A story of evil, greed and the consequences of dark obsession.
Twenty-five million dollars in cartel gold lies hidden beneath a mansion on the Miami Beach waterfront. Ruthless men have tracked it for years.
Cari Mora, caretaker of the house, has escaped the violence of her native country.
Beautiful and marked by war, she catches the eye of Hans-Peter Schneider, the insatiably violent leader of the group of men looking for the gold.
But Cari has surprising skills, and her will to survive has been tested before…
‘Tantalising and engaging’
‘Expertly delivered and fast-paced.’
‘A supreme thriller.'
‘Like running a slow hand down cold silk.’
APPLE BOOKS REVIEW
Thomas Harris—the twisted genius who gave the world The Silence of the Lambs and its powerhouse protagonist, Clarice Starling—returns with another gasp-inducing thriller starring an unlikely heroine. Cari Mora, an immigrant housekeeper in Miami, is doing her best to keep a low profile, but that changes when a sickeningly amoral contractor discovers a trove of cartel cash hidden in the house Cari manages. It turns out that this formidable survivor can really hold her own…even when facing an evil adversary who’ll stop at nothing. Harris’ first book in more than a decade proves that he’s a true master of the cat-and-mouse game.
In his first novel not centered on Hannibal Lecter in 44 years, bestseller Harris (The Silence of the Lambs) unveils a new villain, killer Hans-Peter Schneider, who rents a house in Miami Beach, Fla., that once belonged to Colombian drug kingpin Pablo Escobar in order to find the gold hidden beneath it. Cari Mora, a beautiful woman who survived a childhood as a conscript in FARC, the Colombian guerilla army, is the home's caretaker, and Schneider, to whom the "sound of a woman crying is... music" and who uses a liquid cremation machine to dispose of his prey, immediately regards her as a potential victim. When Schneider and Mora first meet, she catches a "whiff of brimstone off him." Few surprises mark the ensuing duel between the misogynistic sadist and the femme fatale, who learned certain skills from FARC that come in handy in their predictable showdown. The absence of Harris's usual superior storytelling will dismay fans, but the main problem is that Schneider doesn't come close to matching Lecter as a memorable monster. One can only hope for a return to form next time. Agent: Morton Janklow, Janklow & Nesbit Assoc. (May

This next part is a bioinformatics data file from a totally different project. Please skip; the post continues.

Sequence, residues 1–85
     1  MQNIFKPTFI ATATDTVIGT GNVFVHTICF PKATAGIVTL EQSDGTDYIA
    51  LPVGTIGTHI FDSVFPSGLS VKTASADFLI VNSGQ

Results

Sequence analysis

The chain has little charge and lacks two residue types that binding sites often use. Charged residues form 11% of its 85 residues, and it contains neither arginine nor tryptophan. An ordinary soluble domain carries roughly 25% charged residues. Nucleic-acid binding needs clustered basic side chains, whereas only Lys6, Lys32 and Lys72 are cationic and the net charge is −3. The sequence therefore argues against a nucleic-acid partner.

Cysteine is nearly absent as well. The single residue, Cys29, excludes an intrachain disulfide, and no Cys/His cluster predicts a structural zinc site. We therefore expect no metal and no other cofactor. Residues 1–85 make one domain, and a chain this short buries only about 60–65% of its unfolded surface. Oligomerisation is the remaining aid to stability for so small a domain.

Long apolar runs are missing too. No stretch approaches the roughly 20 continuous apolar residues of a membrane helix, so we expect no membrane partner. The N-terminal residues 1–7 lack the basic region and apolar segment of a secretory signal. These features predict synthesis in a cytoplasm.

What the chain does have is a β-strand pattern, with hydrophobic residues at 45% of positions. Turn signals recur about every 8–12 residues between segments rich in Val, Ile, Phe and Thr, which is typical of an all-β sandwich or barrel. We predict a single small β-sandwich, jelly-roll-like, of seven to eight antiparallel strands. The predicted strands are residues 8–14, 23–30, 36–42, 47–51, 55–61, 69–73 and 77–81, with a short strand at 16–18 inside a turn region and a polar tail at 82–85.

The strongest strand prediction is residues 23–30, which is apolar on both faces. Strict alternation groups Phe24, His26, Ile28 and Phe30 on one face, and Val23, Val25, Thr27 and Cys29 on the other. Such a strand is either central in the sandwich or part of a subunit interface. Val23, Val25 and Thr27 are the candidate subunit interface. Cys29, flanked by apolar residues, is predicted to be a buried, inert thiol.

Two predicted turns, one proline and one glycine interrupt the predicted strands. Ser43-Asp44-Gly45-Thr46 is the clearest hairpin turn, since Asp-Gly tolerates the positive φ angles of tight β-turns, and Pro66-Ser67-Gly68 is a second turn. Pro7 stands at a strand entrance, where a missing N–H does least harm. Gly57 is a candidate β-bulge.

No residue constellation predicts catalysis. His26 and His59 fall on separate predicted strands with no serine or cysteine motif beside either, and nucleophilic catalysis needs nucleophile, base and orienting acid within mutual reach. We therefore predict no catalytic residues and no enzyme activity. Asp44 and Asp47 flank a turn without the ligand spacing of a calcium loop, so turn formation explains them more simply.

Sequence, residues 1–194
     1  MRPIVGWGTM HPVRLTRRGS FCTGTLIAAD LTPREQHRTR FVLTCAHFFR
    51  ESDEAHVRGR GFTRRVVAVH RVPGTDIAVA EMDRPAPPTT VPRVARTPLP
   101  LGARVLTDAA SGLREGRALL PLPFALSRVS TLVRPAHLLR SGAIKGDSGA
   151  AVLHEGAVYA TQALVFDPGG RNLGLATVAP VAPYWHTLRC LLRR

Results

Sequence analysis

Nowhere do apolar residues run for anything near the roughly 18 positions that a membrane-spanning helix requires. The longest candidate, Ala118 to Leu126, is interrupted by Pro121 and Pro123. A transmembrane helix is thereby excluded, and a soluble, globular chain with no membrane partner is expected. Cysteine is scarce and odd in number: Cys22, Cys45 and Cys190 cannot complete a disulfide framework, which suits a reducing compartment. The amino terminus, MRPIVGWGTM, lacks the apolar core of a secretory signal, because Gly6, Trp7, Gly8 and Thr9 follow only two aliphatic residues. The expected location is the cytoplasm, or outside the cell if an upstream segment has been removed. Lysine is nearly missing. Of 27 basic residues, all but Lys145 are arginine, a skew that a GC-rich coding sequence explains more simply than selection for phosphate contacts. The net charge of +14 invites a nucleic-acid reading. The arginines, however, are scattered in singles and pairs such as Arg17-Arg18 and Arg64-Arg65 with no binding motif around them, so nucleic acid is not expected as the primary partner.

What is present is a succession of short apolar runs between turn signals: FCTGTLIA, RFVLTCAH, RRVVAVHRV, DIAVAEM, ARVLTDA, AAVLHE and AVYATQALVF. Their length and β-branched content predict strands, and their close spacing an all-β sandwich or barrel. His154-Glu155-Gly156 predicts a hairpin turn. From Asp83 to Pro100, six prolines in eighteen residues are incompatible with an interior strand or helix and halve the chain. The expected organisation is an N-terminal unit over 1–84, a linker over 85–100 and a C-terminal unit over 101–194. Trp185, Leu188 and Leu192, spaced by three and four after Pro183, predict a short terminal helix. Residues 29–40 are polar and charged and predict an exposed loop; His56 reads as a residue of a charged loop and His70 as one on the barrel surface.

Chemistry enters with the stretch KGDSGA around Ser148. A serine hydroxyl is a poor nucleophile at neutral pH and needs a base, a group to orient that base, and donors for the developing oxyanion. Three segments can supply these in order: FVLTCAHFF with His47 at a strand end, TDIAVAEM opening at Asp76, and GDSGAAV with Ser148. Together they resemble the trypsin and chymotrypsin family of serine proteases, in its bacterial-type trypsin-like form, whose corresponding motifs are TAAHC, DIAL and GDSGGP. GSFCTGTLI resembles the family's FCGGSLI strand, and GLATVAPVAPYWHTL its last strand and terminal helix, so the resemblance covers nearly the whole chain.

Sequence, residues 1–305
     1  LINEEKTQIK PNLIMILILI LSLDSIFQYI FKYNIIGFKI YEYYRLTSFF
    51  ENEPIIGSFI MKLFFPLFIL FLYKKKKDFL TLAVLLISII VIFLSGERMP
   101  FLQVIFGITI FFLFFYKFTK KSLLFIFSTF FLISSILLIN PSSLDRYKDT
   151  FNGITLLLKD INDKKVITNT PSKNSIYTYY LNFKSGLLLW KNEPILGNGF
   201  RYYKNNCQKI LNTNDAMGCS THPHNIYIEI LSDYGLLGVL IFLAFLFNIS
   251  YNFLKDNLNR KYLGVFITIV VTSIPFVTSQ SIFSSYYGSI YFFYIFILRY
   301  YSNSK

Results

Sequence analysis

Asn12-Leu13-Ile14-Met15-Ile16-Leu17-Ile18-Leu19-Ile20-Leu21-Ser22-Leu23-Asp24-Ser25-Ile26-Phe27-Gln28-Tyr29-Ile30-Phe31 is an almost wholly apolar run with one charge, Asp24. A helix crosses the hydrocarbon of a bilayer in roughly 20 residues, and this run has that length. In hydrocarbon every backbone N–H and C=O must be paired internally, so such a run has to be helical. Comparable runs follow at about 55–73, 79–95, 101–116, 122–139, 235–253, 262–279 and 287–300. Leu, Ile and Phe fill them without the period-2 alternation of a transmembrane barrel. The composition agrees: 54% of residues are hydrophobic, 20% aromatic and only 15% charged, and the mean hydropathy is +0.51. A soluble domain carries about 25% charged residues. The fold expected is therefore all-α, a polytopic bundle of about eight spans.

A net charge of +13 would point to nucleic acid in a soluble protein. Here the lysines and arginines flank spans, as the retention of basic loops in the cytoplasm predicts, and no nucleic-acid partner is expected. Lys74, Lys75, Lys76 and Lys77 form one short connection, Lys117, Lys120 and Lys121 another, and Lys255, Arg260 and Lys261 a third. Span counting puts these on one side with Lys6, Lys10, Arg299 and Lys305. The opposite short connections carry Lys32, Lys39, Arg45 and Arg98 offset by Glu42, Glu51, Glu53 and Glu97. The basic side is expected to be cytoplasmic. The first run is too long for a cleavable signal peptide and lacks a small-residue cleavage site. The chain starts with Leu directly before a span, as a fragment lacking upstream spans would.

Was expecting something better
Totally lacking conviction
Where to start... This book feels like TH felt the need to write another book. Not because he really wanted to, but because he felt he HAD to. Hardly ever have I read a book that felt so forced out, so uncomfortable, so disconnected. It lacks conviction, through and through, and nothing of the great vibe of TH’s previous outstanding and precious work shines through. I felt a sense of unease about TH in it, almost like he didn’t really enjoy writing it, let alone reading it. So sad, really. Sir, with all due, please stick to cooking from now on. Thank you.